Given the title one could easily make the same mistake I did and assume The Redwood Massacre is another California shot slasher film. The fact it was written and directed by David Ryan Keith (Ghosts Of Darkness, The Dark Within) should have been a clue that it wasn’t. The moment the first line of dialogue is spoken in a strong Scots accent that became obvious. Shot outside of Aberdeen the film does an incredible job of simulating the feel of a typical American slasher. The question is, is it more Friday The 13th or Camp Blood?
The plot sees a group of young folks heading out into the woods near the infamous Redwood Farm. Twenty years ago, the farmer went mad and killed his family and himself. There’s Kirsty (Lisa Livingstone, The Loch) who’s been dragged along by her boyfriend Mark (Adam Coutts). Complicating matters is the fact Mark’s ex Jessica (Rebecca Wilkie) is also in the group. Pamela (Lisa Cameron, Lord Of Darkness) and Bruce (Mark Wood, Attack Of The Herbals) round out the group. Or would, because Bruce never shows up. They do manage to find his cell phone, however.
Needless to say, the killer (Benjamin Selway) is still out there. A hulking figure with a burlap bag-mask that recalls The Town That Dreaded Sundown and Friday Thirteenth Part 2. And he’s just as happy to hack you apart with his axe as he is to tie you to a chair and slowly cut you open.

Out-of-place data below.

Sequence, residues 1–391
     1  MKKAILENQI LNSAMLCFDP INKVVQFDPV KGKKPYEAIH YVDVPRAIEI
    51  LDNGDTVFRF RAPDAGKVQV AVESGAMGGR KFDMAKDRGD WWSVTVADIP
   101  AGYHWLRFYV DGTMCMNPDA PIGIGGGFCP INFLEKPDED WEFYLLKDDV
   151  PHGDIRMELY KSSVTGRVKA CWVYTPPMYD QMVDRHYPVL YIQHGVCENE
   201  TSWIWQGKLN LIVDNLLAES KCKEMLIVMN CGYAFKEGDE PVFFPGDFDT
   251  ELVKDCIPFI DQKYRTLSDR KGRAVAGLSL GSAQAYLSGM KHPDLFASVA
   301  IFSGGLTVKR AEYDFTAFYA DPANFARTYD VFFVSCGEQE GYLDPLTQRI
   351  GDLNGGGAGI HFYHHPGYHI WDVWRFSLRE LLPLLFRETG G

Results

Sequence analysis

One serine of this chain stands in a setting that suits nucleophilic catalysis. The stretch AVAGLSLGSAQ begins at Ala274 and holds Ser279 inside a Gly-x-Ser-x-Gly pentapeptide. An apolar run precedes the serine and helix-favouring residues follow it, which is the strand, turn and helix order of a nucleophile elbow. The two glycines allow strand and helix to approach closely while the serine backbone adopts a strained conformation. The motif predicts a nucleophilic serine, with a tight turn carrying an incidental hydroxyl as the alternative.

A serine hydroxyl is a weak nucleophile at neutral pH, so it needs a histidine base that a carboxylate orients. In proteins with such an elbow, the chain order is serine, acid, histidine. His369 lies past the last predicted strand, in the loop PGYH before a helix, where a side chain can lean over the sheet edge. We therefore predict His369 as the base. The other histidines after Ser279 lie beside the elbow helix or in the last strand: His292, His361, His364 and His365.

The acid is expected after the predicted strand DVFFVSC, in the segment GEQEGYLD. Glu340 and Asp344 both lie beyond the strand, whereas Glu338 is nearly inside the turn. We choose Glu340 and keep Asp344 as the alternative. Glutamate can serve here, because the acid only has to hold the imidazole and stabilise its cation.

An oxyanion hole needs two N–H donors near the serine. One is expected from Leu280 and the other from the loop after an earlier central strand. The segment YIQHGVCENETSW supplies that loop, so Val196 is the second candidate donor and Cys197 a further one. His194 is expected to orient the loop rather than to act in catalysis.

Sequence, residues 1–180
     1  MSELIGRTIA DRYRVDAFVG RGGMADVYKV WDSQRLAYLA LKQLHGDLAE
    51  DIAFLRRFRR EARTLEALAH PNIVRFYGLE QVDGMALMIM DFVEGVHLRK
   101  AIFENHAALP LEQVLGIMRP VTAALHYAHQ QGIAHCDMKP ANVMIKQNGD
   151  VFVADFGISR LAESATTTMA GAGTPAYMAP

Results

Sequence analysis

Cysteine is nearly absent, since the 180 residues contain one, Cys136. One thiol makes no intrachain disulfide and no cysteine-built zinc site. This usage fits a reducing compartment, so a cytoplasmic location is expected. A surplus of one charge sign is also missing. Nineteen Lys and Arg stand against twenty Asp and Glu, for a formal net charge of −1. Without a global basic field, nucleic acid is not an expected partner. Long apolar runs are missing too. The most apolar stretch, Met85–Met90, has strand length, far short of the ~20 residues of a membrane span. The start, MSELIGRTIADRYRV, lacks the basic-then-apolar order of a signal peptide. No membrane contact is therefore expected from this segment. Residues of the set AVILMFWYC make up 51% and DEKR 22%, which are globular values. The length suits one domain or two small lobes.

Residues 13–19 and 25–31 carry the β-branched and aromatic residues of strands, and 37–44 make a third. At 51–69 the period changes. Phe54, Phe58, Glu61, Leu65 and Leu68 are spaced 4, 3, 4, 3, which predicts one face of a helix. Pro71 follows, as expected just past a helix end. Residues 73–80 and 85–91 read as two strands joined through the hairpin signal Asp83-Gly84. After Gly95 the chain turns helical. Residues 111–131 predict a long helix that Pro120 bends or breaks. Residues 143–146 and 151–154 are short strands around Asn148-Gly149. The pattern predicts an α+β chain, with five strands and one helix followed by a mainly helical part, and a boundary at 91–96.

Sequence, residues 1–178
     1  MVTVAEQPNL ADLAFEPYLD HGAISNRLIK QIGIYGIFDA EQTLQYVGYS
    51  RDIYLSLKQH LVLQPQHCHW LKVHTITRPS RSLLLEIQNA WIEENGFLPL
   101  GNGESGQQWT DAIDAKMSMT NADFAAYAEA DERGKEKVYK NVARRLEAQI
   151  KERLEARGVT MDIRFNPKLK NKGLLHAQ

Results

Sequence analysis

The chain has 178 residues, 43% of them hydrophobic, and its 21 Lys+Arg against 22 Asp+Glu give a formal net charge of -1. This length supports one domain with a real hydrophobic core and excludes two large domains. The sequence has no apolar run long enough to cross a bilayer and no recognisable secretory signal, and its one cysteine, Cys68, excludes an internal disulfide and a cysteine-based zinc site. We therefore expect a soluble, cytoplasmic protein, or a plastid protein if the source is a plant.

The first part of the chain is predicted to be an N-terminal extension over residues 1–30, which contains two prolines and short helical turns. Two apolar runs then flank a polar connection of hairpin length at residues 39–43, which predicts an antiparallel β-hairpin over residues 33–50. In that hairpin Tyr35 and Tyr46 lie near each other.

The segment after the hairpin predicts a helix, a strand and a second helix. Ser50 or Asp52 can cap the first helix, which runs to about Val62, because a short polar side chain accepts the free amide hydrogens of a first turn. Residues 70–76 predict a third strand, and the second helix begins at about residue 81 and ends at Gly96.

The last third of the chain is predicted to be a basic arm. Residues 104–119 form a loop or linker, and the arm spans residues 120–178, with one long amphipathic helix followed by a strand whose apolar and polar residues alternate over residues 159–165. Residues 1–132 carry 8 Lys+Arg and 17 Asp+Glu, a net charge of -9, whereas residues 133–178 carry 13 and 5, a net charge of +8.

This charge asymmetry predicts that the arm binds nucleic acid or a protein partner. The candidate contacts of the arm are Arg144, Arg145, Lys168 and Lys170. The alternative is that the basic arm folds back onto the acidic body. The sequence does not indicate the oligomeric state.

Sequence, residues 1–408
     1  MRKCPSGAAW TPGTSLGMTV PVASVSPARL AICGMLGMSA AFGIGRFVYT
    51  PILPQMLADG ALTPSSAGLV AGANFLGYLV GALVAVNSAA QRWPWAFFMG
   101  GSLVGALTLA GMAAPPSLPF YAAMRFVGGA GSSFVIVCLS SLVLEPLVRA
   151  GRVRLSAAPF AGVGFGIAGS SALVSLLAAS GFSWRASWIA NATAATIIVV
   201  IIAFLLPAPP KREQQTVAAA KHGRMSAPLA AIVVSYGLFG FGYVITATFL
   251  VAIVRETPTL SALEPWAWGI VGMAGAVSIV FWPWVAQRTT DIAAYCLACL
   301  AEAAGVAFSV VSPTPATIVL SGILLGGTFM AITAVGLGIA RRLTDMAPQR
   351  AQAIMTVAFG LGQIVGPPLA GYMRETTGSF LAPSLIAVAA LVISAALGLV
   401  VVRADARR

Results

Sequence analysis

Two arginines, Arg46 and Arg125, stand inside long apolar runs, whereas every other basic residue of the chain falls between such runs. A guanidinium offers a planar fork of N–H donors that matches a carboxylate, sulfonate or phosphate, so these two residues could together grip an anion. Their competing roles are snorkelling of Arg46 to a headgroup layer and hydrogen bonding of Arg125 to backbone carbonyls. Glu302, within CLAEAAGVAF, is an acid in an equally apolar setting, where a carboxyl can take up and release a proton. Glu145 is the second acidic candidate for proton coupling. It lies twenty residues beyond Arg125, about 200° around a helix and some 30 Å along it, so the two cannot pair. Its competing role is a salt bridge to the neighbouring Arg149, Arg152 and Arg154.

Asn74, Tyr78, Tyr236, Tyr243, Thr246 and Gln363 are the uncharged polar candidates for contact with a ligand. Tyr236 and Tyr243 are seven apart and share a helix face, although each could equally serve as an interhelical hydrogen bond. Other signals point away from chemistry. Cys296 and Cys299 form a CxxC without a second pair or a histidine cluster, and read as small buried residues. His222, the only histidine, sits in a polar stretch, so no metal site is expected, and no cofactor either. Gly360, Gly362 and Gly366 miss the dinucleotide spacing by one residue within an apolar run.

Despite a slow start after the obligatory death by prologue, The Redwood Massacre manages to rack up an impressive body count. Apart from the leads, there are flashbacks to the original killings and a few unlucky passers-by to be disposed of. And the kills are all practical and very messy. There are plenty of bladed tools around a farm that can be put to misuse. And if nothing is nearby, the killer is capable of dealing out a brutal beatdown with his bare fists.
Mostly set in and around the farm itself The Redwood Massacre has a great location for its mayhem. It’s old and run down as you would expect. With narrow hallways and the occasional open area to create a sense of claustrophobia. They also found another good location for the film’s final showdown. One that allows an ending I hadn’t seen before in a slasher film.
Mean spirited and bloody, The Redwood Massacre could be called the British, or at least The Scottish, Hatchet. And with the sequel Redwood Massacre: Annihilation due for release in 2020 it could become a franchise as well. You can even check out the original film’s website while you wait.
The Redwood Massacre is available on multiple streaming services.
2 thoughts on “Review: THE REDWOOD MASSACRE (2014)”
Great review and I told David Ryan Keith back in 2014 this movie could turn out to be a cult movie in years to come. Whilst it may be low budget independant movie, it has enough going for it with plenty of gruesome scenes and as you know, the sequel, starring Danielle Harris, Jon Campling, Damien Puckler and Gary Kasper is out very soon and with a cast like that then the Redwood Massacre must have spoken loudly to the money men who thought a sequel would be a great idea!
Glad you liked the review!
I’ve liked all but one of the director’s films so far and I’m looking forward to Redwood Massacre – Annihilation
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